Cerebrovascular and metabolic responses to hypoxia during hypoglycemia in dogs

S. A. Derrer, F. E. Sieber, C. D. Saudek, R. C. Koehler, R. J. Traystman

Research output: Contribution to journalArticlepeer-review

4 Scopus citations


The effects of insulin-induced hypoglycemia on the response of cerebral blood flow (CBF-microspheres), electroencephalogram (EEG), and cerebral uptake/production of oxygen (CMRO2), glucose (CMRglu), lactate, pyruvate, β-hydroxybutyrate, and acetoacetate to isocapnic hypoxic hypoxia were studied in pentobarbital-anesthetized, mechanically ventilated dogs. Hypoglycemia [1.3 ± 0.2 μmol/ml, ±SE); n = 9] did not produce an isoelectric EEG and did not affect base-line CBF or CMRO2. When arterial O2 content was reduced from 17.4 ± 0.6 to 7.5 ± 0.5 and 5.1 ± 0.2 vol% during hypoglycemia, CBF increased from 25 ± 3 to 54 ± 6 and 84 ± 8 ml·100g-1·min-1, respectively. This response was not different from that during normoglycemia (3.5 ± 0.3 μmol/ml; n = 12). During normoglycemia, hypoxia increased CMRglu from 17.0 ± 1.2 to 32.2 ± 4.7 and 49.9 ± 6.6 μmol·100 g-1·min-1, respectively. Hypoglycemia did not affect CMRglu during normoxia, but the hypoxia-induced increase in CMRglu was abolished. CMRO2 during hypoxia was unaffected by hypoglycemia. We conclude that levels of hypoglycemia that do not produce an isoelectric EEG may impair the normal increase in CMRglu during hypoxia but do not alter the global CBF response to hypoxia.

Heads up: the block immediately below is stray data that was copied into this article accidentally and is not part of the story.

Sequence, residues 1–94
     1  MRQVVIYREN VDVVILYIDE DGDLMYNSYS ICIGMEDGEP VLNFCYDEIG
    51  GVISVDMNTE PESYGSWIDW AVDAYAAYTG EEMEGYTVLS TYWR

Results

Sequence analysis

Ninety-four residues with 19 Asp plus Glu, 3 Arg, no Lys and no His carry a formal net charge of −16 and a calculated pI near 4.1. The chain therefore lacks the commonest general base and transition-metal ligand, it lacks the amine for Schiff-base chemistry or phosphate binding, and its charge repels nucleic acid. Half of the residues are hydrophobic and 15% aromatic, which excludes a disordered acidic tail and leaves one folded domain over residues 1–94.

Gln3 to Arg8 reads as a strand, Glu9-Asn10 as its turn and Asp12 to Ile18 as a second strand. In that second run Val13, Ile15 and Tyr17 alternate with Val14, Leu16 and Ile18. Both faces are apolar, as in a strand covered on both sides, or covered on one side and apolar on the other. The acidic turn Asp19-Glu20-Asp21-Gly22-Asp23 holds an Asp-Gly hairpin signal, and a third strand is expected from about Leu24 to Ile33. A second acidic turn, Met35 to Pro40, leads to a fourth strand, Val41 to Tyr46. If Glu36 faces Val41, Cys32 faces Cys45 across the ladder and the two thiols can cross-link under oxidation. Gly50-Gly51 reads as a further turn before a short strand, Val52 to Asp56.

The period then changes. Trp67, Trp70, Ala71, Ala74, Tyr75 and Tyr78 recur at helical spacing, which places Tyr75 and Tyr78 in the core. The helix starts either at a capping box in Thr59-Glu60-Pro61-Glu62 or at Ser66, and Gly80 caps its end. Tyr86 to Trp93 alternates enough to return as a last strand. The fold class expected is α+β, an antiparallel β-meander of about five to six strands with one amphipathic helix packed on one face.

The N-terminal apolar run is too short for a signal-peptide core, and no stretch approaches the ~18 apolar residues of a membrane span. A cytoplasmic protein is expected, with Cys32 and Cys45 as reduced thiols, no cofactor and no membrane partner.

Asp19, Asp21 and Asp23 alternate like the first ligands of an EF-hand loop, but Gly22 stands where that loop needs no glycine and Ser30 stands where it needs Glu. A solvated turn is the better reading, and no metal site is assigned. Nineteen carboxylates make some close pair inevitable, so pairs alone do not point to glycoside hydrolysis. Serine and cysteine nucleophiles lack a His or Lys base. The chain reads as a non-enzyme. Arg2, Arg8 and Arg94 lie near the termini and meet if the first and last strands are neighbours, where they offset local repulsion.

Original languageEnglish (US)
Pages (from-to)H400-H407
JournalAmerican Journal of Physiology - Heart and Circulatory Physiology
Issue number2 27-2
StatePublished - 1990


  • cerebral blood flow
  • cerebral glucose consumption
  • cerebral oxygen consumption
  • electroencephalogram
  • insulin

ASJC Scopus subject areas

  • Physiology
  • Cardiology and Cardiovascular Medicine
  • Physiology (medical)


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